My Lords, as the noble Baroness said, this is the last spring Budget. Miraculously, it will stretch into the autumn, because the legislation required to support the tax rises will not be done until autumn. We have a very nice Budget. I like Budgets that are dull, which pass without much notice and stretch out into infinity before we can deal with their consequences. From here on, I hope we will have autumn Budgets which will then go on into the spring to have their tax proposals implemented.
Our problem is that the era of high growth, which lasted from 1990 until about 2008, has gone for ever. It will not come back. All the thinking about spending and taxation is still stuck in the era when growth was robust and high. It will not happen, so we have to find some ways of economising or bring in high taxation. We cannot have a culture in which the self-employed, who are not a poor class, refuse to pay extra tax and make such a lot of noise that the Chancellor has to rethink. Only this morning there was news that the BBC encourages its highest-paid people to become self-employed rather than pay tax. That is the BBC—the paragon of virtue. We know that self-employment is a tax dodge and it has been since my friend Ken Livingstone became a company and started paying himself—a good socialist such as Ken Livingstone discovered 15 years ago that it paid to dodge taxes. We have to stop pretending that the self-employed are the backbone of society and guarantee growth. They are no such things. They are just tax dodgers. Tax dodgers ought to be treated like tax dodgers.
I welcome the fact the Chancellor abandoned his predecessor’s obsession with moving the Budget into surplus, but he is still obsessed with the debt problem. We went through this first with five years of coalition Government, where it was perhaps necessary to be severe about reducing the deficit, which had risen rather highly. It was quite clear that there was not going to be a sufficient multiplier from consumption spending to get growth going. That is fine, but now we have come to the stage where we really ought to ask a fundamental question: is the debt-to-GDP ratio a good indicator of anything? Debt is a stock and GDP is a flow. When you compare a stock to a flow there is no particularly ideal number at which you should stop. What you ought to compare is the cost of servicing the debt with the GDP. It so happens, as the noble Lord, Lord Gadhia, reminded us, that the cost of servicing the debt is 3%. It is one of the lowest costs that there is.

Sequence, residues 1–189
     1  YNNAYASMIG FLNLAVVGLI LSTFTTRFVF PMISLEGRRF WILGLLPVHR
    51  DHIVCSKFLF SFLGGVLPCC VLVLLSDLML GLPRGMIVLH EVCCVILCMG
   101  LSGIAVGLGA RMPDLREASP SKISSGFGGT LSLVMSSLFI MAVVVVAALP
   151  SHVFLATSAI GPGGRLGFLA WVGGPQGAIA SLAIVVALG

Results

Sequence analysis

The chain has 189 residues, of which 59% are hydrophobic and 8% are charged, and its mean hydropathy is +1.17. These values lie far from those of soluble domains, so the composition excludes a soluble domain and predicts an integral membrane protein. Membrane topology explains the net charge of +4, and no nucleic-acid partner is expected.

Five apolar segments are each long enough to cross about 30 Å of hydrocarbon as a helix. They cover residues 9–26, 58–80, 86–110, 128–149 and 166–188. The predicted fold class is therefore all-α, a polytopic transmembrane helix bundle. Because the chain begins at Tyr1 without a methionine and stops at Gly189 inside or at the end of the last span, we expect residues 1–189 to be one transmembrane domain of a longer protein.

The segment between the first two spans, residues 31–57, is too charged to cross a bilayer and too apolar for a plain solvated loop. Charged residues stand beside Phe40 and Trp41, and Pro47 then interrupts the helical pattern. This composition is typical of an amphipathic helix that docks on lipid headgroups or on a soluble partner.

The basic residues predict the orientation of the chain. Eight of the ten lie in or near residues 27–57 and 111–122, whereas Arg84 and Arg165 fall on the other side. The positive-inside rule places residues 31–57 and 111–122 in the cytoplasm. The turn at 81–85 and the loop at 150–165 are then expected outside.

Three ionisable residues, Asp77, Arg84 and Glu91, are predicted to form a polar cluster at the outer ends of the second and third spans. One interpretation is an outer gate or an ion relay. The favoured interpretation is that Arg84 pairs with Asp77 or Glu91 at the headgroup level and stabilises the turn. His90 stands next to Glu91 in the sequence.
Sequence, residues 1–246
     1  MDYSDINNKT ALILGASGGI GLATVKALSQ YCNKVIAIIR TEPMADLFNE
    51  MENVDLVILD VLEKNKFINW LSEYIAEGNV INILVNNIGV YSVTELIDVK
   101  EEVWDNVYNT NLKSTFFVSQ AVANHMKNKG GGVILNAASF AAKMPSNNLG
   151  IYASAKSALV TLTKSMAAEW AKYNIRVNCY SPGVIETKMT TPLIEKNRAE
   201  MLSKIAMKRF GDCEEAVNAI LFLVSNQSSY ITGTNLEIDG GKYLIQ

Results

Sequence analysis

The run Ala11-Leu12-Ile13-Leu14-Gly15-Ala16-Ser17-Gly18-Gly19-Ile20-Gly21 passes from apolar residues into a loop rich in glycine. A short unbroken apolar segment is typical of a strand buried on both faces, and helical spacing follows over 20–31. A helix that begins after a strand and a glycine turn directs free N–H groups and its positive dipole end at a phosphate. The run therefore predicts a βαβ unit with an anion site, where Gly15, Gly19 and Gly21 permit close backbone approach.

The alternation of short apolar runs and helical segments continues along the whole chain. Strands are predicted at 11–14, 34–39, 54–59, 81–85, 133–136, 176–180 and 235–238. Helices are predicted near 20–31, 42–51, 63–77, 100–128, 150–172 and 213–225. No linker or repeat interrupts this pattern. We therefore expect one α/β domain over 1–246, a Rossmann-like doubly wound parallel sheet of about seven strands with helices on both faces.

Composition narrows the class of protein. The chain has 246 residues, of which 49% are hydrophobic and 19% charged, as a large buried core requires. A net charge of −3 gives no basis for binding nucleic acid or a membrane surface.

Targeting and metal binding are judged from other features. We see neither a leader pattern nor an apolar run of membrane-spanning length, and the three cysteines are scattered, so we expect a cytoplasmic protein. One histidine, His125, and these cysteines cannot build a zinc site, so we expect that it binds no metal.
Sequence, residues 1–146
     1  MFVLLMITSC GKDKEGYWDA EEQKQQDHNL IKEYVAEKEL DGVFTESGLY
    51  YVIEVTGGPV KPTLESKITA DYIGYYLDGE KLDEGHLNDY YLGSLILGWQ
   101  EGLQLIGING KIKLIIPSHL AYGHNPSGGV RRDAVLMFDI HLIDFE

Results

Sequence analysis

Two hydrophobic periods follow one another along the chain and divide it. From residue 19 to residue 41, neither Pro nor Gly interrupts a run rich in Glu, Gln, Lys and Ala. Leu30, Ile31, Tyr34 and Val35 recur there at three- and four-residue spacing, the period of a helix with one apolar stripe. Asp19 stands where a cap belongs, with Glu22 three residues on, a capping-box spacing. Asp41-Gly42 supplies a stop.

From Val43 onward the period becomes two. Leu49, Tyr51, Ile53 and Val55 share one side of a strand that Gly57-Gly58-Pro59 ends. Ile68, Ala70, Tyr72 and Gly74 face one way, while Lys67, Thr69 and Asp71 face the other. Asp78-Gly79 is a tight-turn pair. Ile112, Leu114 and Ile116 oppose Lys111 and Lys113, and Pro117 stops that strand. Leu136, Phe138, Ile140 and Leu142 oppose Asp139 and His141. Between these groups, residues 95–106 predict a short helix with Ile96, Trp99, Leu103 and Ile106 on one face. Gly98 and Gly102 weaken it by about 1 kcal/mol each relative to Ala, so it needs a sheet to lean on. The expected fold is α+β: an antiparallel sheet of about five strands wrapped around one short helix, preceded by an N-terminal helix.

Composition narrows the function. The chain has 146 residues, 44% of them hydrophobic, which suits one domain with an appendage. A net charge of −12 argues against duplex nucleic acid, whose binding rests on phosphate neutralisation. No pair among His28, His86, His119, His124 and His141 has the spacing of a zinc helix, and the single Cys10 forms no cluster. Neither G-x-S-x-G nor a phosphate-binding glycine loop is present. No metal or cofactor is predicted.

We have an ageing population and considerably high demands on social care and health. We ought to stop repeating this cliché that we are not going to burden our future generation with extra debt. What are you going to do about the present generation? Why are you burdening them with bad social care just because you do not want to burden the future generation, who are, if anything, going to be richer than us? We ought to seriously, fundamentally examine whether we should not have different fiscal rules to suit an ageing population in which there is a great reluctance to pay tax, but no reluctance to cut expenditure.
It has been suggested, especially by the noble Lord, Lord Finkelstein, who is not here, that we hypothecate some tax revenue for financing the National Health Service. It is very difficult to find any real numbers in a Budget document; they are all percentages, but there some real numbers in this one. It just so happens that the contribution made by national insurance to public sector receipts, £130 billion, is not too far away from what we spend on national health, £149 billion. We should think if not about a strict hypothecation then about a marriage of certain items of revenue and expenditure, and tailor our rising taxation to the rise in expenditure required. If we were to tie national insurance to financing national health, as was originally the idea—some people may remember—it would make sense to raise the national insurance target when the National Health Service needed it. That is a much better way of financing national health than any I can think of.
We have a productivity problem because the economy has moved to a low-growth path, but what will happen in the future will be much worse. If our productivity were enhanced by artificial intelligence and such things, the level of employment would be much lower and we would have very different problems in financing our welfare from those that we had previously. So watch out: more changes are coming.